This shift in the winds is invaluable, because it opens up a different line of inquiry into what we can do to help ward off desperate, self-destructive teenage acts. If we think of the school itself as of consequence to student optimism or despair, there is much we can do to make it a healthier, more forgiving environment.

It's much more desirable for any young person—especially someone whose mind is in turmoil and pain—to live in an environment characterized by trust, personal connectedness, meaning, focus, and energy than in one characterized by distrust, disconnection, meaninglessness, distraction, and fatigue.

"Co-factors" all, these are basic conditions that we can change.

Smaller class-sizes would bring more trust and connection, with each teacher providing more attention, feedback, and support to each student. Trust at school will be amplified, too, once cheating is driven from the campus.

Distraction will go if we have the adult courage to require our kids to turn off their phones during the schoolday (just as at our middle schools). Meaning will flourish if students aren't just piling up APs for the sake of their G.P.A.s, and if the fusillade of grade-reports is toned down.

Energy will bloom when kids are getting more sleep—which will come about once we give them a way to dialogue with their teachers about homework loads, and once we've reduced their multiple anxieties—about their invisibility to their teachers, about cheating, about ongoing upticks and downticks in their G.P.A.s—that cause our young people to nightly toss and turn.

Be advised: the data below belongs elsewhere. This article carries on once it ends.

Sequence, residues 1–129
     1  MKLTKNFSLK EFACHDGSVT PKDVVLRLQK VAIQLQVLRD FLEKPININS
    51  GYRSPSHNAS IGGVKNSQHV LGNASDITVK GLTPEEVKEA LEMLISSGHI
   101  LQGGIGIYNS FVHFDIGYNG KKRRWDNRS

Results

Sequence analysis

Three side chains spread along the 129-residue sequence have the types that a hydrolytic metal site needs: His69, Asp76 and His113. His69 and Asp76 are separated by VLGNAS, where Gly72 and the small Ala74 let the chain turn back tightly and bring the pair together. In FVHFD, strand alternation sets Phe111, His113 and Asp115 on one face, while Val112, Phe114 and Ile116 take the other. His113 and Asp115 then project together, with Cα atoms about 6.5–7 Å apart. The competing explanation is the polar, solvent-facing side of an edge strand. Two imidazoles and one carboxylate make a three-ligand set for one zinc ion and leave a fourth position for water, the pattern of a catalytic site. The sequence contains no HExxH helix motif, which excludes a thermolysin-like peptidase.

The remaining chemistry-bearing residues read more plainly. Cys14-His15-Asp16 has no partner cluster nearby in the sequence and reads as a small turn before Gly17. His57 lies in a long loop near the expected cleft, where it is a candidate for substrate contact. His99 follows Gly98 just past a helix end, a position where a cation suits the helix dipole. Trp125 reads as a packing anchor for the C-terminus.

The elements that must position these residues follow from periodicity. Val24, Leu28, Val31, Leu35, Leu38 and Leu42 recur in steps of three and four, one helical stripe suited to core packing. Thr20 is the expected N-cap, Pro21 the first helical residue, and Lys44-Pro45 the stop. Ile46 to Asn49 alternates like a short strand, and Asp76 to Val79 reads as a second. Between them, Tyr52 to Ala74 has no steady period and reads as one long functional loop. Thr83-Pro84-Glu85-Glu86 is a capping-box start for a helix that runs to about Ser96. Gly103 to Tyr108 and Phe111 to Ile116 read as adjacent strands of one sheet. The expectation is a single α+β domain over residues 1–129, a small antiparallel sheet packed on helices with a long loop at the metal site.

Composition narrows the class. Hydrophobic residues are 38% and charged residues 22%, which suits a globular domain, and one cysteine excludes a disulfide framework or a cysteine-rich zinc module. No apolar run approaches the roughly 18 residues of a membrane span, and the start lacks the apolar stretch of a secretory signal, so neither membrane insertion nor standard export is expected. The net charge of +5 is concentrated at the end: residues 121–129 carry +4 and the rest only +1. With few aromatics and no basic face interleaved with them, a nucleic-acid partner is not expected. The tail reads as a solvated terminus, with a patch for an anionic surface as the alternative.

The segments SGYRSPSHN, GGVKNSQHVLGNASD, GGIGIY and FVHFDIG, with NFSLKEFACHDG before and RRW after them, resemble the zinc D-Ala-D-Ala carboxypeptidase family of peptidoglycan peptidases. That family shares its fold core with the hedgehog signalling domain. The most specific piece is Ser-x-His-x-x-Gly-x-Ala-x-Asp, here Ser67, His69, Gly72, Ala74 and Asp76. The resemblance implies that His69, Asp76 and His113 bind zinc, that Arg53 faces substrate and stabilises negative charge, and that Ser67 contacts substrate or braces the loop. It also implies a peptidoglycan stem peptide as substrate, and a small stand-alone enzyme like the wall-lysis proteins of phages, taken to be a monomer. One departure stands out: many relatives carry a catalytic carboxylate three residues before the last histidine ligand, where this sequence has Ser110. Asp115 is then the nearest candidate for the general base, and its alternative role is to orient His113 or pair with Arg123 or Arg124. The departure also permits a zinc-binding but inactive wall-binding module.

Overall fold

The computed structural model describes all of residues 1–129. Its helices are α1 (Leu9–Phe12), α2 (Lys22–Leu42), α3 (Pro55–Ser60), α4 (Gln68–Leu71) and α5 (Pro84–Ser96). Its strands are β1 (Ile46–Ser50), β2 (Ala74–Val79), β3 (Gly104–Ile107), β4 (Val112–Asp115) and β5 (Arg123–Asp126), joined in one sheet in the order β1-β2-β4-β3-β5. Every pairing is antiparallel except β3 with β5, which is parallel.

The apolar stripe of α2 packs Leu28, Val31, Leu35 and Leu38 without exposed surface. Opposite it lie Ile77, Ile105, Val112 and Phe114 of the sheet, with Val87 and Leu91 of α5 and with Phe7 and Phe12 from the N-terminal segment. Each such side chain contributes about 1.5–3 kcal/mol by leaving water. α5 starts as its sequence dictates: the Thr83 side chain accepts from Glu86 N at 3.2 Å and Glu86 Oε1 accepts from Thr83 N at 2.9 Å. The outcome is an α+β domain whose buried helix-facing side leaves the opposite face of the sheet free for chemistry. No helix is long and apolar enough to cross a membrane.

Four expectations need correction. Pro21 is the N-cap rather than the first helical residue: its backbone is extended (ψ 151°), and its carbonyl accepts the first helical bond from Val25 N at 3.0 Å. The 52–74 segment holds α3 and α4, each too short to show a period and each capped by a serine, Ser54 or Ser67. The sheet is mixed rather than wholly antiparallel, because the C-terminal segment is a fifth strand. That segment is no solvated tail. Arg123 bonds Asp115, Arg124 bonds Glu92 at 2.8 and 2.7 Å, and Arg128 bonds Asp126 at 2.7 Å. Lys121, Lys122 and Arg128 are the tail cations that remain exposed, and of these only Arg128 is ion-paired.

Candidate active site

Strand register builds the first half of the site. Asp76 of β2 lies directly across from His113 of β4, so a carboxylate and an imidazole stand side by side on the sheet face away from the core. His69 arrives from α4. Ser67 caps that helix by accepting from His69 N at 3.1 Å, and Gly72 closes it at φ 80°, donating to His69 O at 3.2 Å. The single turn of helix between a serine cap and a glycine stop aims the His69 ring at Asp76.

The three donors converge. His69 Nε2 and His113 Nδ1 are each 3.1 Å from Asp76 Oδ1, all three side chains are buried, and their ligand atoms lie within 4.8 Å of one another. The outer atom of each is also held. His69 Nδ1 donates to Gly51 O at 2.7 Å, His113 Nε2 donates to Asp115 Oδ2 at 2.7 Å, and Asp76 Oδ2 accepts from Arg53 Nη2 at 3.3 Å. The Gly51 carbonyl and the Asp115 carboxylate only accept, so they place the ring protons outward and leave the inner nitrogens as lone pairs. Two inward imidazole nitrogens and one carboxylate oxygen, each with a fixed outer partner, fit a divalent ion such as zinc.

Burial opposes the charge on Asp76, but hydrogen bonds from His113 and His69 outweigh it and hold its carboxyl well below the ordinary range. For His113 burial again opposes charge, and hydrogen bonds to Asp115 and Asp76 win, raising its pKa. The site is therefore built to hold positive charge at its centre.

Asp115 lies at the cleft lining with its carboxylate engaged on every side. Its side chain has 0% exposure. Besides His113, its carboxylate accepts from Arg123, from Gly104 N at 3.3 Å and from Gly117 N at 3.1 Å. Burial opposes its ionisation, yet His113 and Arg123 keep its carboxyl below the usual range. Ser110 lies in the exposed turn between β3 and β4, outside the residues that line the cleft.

All of these "co-factors" can easily and quickly be addressed; they are already the profound concern of "Save the 2,008"—a community initiative to bring a healthier life to school.

(For details, see and

My thanks to the Weekly for continuing to be a steady light, spreading illumination through some very dark times.


Marc Vincenti
Gunn English Dept. (1995-2010)
Co-founder, "Save the 2,008"

10 people like this
Posted by Pat Burt
a resident of Community Center
on Feb 20, 2015 at 10:23 pm

I hope that readers will review the linked memos by Drs McGee and Joshi, Web Link, Web Link. Along with the related recent actions summarized in the editorial, these represent a welcome sea change by the district that will result in real improvements to the well-being of our students.
Now is the time for us to focus on where we go from here by supporting Dr McGee and the board in their implementation of these long awaited changes and to complement their actions with others in the community and our families.

13 people like this
Posted by Parent
a resident of JLS Middle School
on Feb 20, 2015 at 11:43 pm

Look in the mirror,
My middle schooler isn't taking any AP's or honors courses. There is too much homework. We don't place undue expectations and for just one or two missed assignments for good reason this semester with otherwise good grades on assignments, there are C's and D's on the report card, and at one time even an F. You know what? That feels really stressful to some kids. It's downright punitive and serves no purpose for focus, rigor, organization or better learning the material, it just makes otherwise smart hardworking kids feel like failures. Education should be about learning, not about a constant parade of score cards for compliance.

We were yelling at our kid until we realized the problem was how intrusive the homework was in our home life, and how we could just never plan. It was affecting our ability as PARENTS to get the sleep we needed, among other things, because of this intrusive and unpredictable presence of school in our lives. It wasn't to get better grades, we were over the top because we realized we were instinctively trying to get our kid to set the boundaries between home and school that we all needed.